Think I'm kidding? Check out Tim Kreider's essay in the Newspaper of Record. First, the naïve view thought to appeal to the kids of the era.
Now that it’s one franchise among many, “Star Wars" seems timeless, but the original is very much a product of the 1970s: Mr. Lucas began writing it while American troops were still in Vietnam and Nixon was being consumed by his dark side. It’s remembered now as a proto-Reaganesque, reactionary backlash against the morally ambiguous cinema of the ’70s, but it’s also a countercultural, anti-fascist fable about shaggy young outsiders fighting a revolution against the faceless, armored henchmen of a military technocracy. The Empire is comfortably identified with our favorite movie enemies, the Nazis, which helps disguise the fact that they are also, metaphorically, the imperialist invaders of Vietnam, confident in their devastating firepower to crush an ill-equipped insurgency. This subtext got a lot less subtextual in “Return of the Jedi,” in which the occupiers’ superweapons are thwarted by the guerrilla tactics and crude booby-traps of a pretechnological people.He continues. (Let me enlighten you, deplorable, from my throne at the Cathedral.)
Lots of critics pointed out that the coda of “Star Wars,” when three heroes march up a corridor between columns of massed soldiers, is a visual quote of the wreath-laying at Nuremberg in “Triumph of the Will,” but everyone seems to assume this is a random allusion, devoid of historical context. It’s not as if Mr. Lucas was oblivious of the source. His film is full of fascist iconography — all, up until this moment, associated with the Empire. Assuming this final image is deployed intentionally, it might be most hopefully interpreted as a warning: Don’t become the thing you’ve fought against. The intimation of a hidden kinship between our hero and his enemy was right there in Darth Vader’s name all along — the dark father.I recall a graduate school contemporary of mine raising the possibility that "Darth Vader" meant "dark father," and yes, that came to pass during Empire Strikes Back; and later we discover that somebody sliced Anakin's hand off the way Vader sliced Luke's hand off.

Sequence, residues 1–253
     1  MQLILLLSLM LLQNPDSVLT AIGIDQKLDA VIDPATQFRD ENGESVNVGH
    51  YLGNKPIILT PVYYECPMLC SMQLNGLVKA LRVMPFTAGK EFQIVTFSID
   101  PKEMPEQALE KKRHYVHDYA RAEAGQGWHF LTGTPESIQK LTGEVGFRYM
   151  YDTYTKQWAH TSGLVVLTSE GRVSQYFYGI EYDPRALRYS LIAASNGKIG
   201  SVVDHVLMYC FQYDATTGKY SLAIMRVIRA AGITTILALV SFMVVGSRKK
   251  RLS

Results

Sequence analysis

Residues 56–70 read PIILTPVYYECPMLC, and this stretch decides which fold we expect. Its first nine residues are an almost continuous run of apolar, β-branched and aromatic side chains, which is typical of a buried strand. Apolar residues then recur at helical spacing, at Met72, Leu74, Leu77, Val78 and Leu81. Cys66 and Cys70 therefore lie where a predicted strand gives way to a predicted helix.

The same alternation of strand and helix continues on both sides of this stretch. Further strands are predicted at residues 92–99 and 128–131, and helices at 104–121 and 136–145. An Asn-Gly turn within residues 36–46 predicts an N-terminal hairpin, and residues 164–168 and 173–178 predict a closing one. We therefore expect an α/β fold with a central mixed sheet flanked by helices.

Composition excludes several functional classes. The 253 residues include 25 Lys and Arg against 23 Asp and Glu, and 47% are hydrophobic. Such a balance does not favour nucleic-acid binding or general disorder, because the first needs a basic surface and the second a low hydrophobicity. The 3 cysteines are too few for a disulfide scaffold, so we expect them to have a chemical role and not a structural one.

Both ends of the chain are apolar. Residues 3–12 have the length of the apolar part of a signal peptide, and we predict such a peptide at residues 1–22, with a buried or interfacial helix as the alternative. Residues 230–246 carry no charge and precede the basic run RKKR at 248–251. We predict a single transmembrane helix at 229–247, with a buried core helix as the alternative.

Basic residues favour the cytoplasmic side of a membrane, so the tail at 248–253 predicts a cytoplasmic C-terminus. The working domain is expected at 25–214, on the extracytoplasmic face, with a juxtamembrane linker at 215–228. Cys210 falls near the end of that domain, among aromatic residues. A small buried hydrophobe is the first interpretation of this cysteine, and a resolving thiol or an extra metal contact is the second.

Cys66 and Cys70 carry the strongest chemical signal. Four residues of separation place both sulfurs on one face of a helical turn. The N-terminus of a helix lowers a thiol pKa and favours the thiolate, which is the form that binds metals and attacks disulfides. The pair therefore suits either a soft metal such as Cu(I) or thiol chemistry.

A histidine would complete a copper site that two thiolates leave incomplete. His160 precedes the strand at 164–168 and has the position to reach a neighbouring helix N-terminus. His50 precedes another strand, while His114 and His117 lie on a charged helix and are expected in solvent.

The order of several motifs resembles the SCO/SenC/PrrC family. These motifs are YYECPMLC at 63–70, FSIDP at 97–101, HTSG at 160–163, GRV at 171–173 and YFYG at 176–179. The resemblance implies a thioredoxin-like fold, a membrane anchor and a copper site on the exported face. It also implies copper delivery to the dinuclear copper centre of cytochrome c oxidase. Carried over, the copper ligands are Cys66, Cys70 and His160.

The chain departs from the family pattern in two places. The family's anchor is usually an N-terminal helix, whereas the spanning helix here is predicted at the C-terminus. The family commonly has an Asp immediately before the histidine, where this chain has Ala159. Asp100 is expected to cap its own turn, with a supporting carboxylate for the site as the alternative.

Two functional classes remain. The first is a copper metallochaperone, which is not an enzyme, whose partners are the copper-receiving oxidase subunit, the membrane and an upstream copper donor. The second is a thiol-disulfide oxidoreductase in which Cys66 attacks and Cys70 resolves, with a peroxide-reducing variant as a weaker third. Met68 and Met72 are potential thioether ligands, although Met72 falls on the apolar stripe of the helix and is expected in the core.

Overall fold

The ostensible moral of “Star Wars” is anti-technology, pro-“feelings” — a very ’70s sensibility. The Empire is a rigid, militaristic hierarchy, obsessed with its high-tech weaponry. But underlying it is an older tradition, represented by Darth Vader, that’s religious, mystic.
Maybe it's best to think of it all in fun, and that's where Mr Kreider leaves it (after lamenting that the 1978 version is currently in Disney's version of the Oak Island Money Pit.)
On the other hand, logic dies in darkness, and Jeffery C. J. Chen gets a platform to elaborate.
Star Wars is shot with “Orientalizing” stereotypes — patronizing tropes that represent an imagined East, or the Orient, as inferior to the rational, heroic West. Think, for example, of the uniformed conformity of the evil Empire vs. the scrappy (American) individualism of the rebel heroes, the vague Eastern mysticism of the Force and its Shaolin-cum-Samurai practitioners, and the uncomfortable racial stereotypes embodied in the hookah-smoking Jabba and the miserly Watto.No Nuremberg Rallies for the Republic here. Apparently no cross-references between the corrupt interplanetary senate that midwives the dark side and Star Trek's Borg, either.